Monday, June 4, 2012

The Big Con by David W. Maurer

Maurer, David W.  The Big Con: The Story of the Confidence Man.  1940.  New York: MJF, 2009.

Even as it was coming off the press in 1940, The Big Con was describing history.  The confidence game described by David W. Maurer had evolved with the times, opportunities, and creativity of the con men, and it surely didn’t stop evolving 70 years ago.  Even so, it’s an interesting history.

Maurer was a linguist who studied the jargon of criminals.  The book includes a glossary of terms used by con artists in the early 20th Century.  If you want to talk like a character in a hardboiled crime story, check it out.

This study led him to the culture and methods of confidence men.  Con men were the kings of grifters. The grift involved nonviolent crimes, in contrast to the heavy rackets.  The confidence game was the highest grift because the marks would give their money to the grifter.  It was a game of intelligence and acting (and deceit) that tripped up the greedy.  Con men had to be able to mix with legitimate society and seem to fit in with people who had regular jobs, legitimate business, and money.  The appearance of respectability was so important that con men avoided the company of other criminals and cultivated associations with straight citizens (maybe just a little bent).

The Big Con is not a textbook for running a con game.  It does give you a pretty good idea of how con men worked.  Maurer concentrates on the big cons: the wire, the rag, and the pay-off.  These games all convince the mark to get involved in a crooked scheme for sure-thing bets on horses or stocks.  They give him a taste of winning, and then send him off to get all the money he can get his hands on.  When the big money is in, the scheme falls apart and everybody needs to skip town to escape suspicion.  A hooked mark is convinced he was onto something and may come back to try again.  Even if he is suspicious, he has little recourse because turning in the con men means admitting involvement in something shady and possibly criminal.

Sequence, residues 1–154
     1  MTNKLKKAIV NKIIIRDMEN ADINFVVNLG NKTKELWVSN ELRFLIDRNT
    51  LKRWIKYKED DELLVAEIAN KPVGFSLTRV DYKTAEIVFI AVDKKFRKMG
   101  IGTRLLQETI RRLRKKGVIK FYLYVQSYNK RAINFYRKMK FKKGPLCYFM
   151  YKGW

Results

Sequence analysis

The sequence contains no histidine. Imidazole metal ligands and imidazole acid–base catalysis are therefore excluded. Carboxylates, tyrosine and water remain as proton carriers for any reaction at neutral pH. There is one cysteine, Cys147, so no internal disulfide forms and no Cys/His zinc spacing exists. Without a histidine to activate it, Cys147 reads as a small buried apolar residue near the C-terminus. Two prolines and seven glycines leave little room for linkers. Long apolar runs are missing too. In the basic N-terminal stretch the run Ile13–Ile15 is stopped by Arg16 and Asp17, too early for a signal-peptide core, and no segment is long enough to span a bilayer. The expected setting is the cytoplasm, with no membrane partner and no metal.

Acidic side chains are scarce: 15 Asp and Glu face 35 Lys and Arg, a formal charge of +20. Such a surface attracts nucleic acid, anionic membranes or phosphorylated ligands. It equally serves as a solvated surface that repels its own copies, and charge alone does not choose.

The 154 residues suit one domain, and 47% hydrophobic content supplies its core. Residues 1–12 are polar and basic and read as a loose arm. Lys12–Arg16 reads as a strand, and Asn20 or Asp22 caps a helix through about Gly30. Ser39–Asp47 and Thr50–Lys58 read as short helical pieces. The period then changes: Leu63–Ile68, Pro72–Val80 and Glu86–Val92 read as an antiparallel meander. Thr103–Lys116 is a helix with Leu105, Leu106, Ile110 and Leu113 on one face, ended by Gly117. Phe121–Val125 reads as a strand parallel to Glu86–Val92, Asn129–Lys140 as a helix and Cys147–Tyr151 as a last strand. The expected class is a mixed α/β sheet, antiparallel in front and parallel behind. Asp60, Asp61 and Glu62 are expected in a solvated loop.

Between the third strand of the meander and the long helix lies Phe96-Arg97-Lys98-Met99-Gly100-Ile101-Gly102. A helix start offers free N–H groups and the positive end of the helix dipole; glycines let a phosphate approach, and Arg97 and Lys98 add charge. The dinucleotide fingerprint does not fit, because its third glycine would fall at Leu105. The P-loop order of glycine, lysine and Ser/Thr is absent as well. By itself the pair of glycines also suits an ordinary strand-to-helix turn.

Maurer summarizes several short cons, too.  Some of these may still be around.  I saw a version of the wipe depicted on and episode of CSI: New York.  Because it was a CSI: show, the con artist was murdered; obviously not part of the plan.

The big cons are not one man operations.  Maurer describes the con mob.  He also discusses the relationship between con artists and crooked officials and other criminals.  He is interested in culture as well as methods.

Maurer comes off as having some a fascination with the con men, even a kind of admiration.  I don’t think he admired what they did.  He seemed to respect the skill it took to pull a successful con, especially to do it over and over.   The con men come off as charming, probably because they were.  They had to be charming, they had to be able to read people, and they had to recognize people who had the right combination of money and greed to make a good mark.

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